Band, Chorus and other Music

    It must have been that old radio.  Yes, you remember the one -- it stood next to the south window in the living room.  I don't recall it's make, but you can be assured it was the best.  Able to pick up stations all over the country, it had a multiple band dial which could pick up short-wave also.

    That old radio brought the family the news of the world, including news of the war effort in far away lands. There were also farm reports, commentaries, Tom Mix, Captain Midnight, One Man's Family, etc., and best of all  --  MUSIC!

  Yes, there I found my favorite program, the Cities Service Band of America, conducted each week by Paul LaValle.  The stirring music punctuated with the best of marches would command my attention.

  Later a 45 rpm record player was wired into the system.  At that point it seemed that an endless stream of RCA Red Seal performances were available at 421 Oak Street any time desired.  Spike Jones' fabled recordings were also permitted.

    Yes, that dear old radio surely was the catalyst that began my appreciation of quality music.

W.R. Stone (Prof) - 1952    I sort of melded into the church choir at an early age.  Mom was a most faithful member, and soon Esther joined in.  What else was a boy to do?  Well, I guess I must have held my own and was soon lending my voice to the cause.

  Music teacher.  Eccentric, yes - but Prof Willard R. Stone was a most wonderful man. He had the uncanny ability to make the old pump, reed organ in the church, inspire even the coldest of hearts.   I took all of six months of piano lessons under his patient tutelage.  Unknown to me, that time was to prove most rewarding. Prof Stone died on Oct 23, 1955.

I Rating in District Contest

Calvin Shanks - 1952    Calvin Shanks, (Hamilton's premier band director), was to become a very strong influence in my school years.  I wanted to play the trumpet. Who didn't?  Mr. Shanks had needs for other instrumentalists also, so convinced me to pick up the mellophone that sat in the closet since the school days of brother Jack.  I accepted and then began to struggle to make something worthwhile of the effort.  Somewhere in the back in my mind, I knew I didn't have the perfect pitch of my dad, nor the drive for perfection exhibited by my sister, but there was a desire to contribute to the cause of good music.  Yes, we were beginning to hear another sort of music that left the soul empty, and I was choosing to bypass that.

    Lessons were given in the basement of the grade school in a small room that would have to do.  Musicians seldom receive their just rewards.  I had quite a time trying to fit in practice time.  There were just too many things to occupy a young boy's attention, as you can tell from the other stories.

  Well, I survived, as did many of my classmates.  We soon found ourselves as members of one of the best high school bands in the state.  Besides the parades in town, we performed at the Fall Festival in the city park, and two Memorial Day services each year, (Greenwood and Oakwood.)  There were also the trips to the county fair in Kahoka, MO; homecoming at Culver-Stockon College in Canton MO, (Calvin Shanks alma mater); homecoming at Western State Teacher's College in Macomb, the Nauvoo Grape Festival, the Montebello Township picnic, and numerous others.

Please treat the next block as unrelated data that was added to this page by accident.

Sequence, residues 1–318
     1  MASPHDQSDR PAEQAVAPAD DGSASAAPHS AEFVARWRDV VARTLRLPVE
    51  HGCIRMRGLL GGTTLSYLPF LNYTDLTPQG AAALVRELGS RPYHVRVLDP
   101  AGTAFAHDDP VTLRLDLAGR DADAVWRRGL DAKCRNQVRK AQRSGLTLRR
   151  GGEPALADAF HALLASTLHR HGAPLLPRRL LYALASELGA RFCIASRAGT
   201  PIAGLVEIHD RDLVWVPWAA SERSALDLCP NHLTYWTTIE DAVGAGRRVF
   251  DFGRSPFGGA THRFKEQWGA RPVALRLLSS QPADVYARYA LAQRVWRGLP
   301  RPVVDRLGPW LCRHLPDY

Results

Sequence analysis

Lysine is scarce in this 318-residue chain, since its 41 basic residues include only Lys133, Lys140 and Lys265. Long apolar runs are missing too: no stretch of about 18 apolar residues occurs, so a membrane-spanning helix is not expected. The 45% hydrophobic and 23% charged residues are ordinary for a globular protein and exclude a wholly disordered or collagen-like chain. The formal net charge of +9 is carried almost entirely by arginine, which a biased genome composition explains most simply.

8th Grader in the High School Band.  We performed before each home football game and the half-time shows featured the band forming a giant letter H on the field.  Home basketball games utilized a smaller unit known as the pep band.  We performed from the stage of the auditorium that opened up at it's back, and overlooked the basketball court.

Hamilton Band- Homecoming Parade - 1951.

    Every summer we were afforded the opportunity to sign up for community band.  This was built on the core of the high school band and added alumni, townsfolk, and friends.  A rickety old bandwagon was pulled to the center of Broadway at the City Hall.  Lights were strung and parking allowed down the center of the wide street from one end of downtown to the other.  The businesses were all open as this was Saturday night, the busiest of the week.  We got paid for our participation.  Fifty cents for the Wednesday rehearsal, and $1.00 for the concert.  The check from the city arrived just in time in December to help with our Christmas shopping.

  Calvin Shanks, and every other teacher I was fortunate enough to have touch my life, gave firm instruction with a great allowance for my lack of understanding and application.  He stayed with me and I know exhibited that attitude throughout his career, to provide Hamilton with a band program that was the envy of the midwest.

      The grade school operetta's and vocal music are the topic of another story, but I do want to touch on the high school vocal program.  While not up to the same level as the band program, there was still a good deal of pride to be derived from this effort.  A number of choruses were to be sought after, including boys', girls', and mixed.  Then, there were the smaller groups.  The premier vocal ensemble was the Senior Songsters.  Composed of eight seniors this group consistently outperformed all others.  The year I became a member, we received superior ratings at both district and state contests.  This marked the first time this was ever accomplished.  Back in those days we could sing religious songs with great fervor. (Were You There?)

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